Recycled chicken source stands by his truth

2011-01-15 16:03

The man who confirmed that South Africans consume recycled chicken described the efforts of his former employers, Supreme Poultry, to silence him as “frivolous and vexatious”.

In court papers filed this week, Johan Matthee (48), former production manager at Supreme, asked the Bloemfontein High Court to award a punitive cost order against the company.

At the end of last year Matthee agreed to an interim gagging order forbidding him from making what Supreme then described as “untrue, misleading and defamatory” statements in the media.

In his court papers, Matthee now states in minute detail why it is true that Supreme reworks chicken, treats them with chlorine at times, injects them with brine and repackages them before stamping a new expiry date.

These earlier revelations which had been backed by Matthee, two other people and documents caused an uproar.

Supreme contended it suffered huge losses as a result of the publicity and threatened to sue Matthee for damages.

These alleged losses are now disputed by Matthee in his court papers. He refers to a statement made by Supreme chief executive Izaak Breitenbach to in which he states that Supreme’s sales increased by 8% in December.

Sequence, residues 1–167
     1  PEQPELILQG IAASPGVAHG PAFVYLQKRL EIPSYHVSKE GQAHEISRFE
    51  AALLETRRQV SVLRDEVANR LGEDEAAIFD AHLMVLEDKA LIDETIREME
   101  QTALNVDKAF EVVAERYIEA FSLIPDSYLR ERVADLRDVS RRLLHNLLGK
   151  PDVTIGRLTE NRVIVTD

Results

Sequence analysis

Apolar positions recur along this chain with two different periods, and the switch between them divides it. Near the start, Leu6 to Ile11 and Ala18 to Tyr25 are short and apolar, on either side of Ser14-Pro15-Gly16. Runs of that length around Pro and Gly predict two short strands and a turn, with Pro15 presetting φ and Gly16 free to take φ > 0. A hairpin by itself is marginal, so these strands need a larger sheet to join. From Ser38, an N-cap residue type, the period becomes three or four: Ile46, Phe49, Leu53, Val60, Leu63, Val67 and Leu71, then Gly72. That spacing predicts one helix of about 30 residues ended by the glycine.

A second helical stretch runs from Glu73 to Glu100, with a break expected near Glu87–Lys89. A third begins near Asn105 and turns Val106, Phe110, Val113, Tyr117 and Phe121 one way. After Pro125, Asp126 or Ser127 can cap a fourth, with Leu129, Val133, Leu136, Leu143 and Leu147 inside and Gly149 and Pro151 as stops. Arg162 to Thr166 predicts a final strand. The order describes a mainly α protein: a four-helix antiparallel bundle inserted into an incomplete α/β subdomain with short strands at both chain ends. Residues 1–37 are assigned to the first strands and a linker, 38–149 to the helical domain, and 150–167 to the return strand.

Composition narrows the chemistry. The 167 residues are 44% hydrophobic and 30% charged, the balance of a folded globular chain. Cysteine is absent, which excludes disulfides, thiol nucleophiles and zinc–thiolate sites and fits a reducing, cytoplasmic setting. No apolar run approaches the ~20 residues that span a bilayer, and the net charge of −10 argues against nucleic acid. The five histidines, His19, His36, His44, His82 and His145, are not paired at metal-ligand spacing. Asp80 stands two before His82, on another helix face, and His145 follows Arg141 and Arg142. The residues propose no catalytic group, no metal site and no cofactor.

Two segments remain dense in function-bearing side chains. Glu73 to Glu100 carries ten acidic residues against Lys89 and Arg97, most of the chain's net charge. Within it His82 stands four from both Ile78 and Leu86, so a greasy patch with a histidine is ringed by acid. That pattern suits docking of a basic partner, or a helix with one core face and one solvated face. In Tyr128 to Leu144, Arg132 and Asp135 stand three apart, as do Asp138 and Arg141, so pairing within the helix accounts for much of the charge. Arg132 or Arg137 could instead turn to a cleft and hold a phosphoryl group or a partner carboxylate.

Supreme alleged that it was the victim of Matthee because he was bitter after he was sacked for sexual harassment.
But Matthee says he is still involved in a dispute about his dismissal, which he claims was the result of a clash about ­production processes with the owner’s son.

The owner’s son is believed to have been appointed to Matthee’s former position.

In his affidavit, Matthee also elaborates on Supreme’s production practices such as hosing down chicken to thaw them quicker while the chickens are stored at room temperature before they are injected with brine of up to 55% of the chicken’s weight.

Everything he was quoted as saying in City Press was the truth, which was verified by Supreme’s own court papers, said Matthee. “(On enquiry by City Press,) I gave an honest explanation of the processes. I wouldn’t have given the journalist permission to quote me if I had intended to defame an industry giant. I can’t be blamed when the media found the truth worthy to be published in the public interest.”

Supreme now has the opportunity to respond to Matthee’s papers before the court makes a final order next month.

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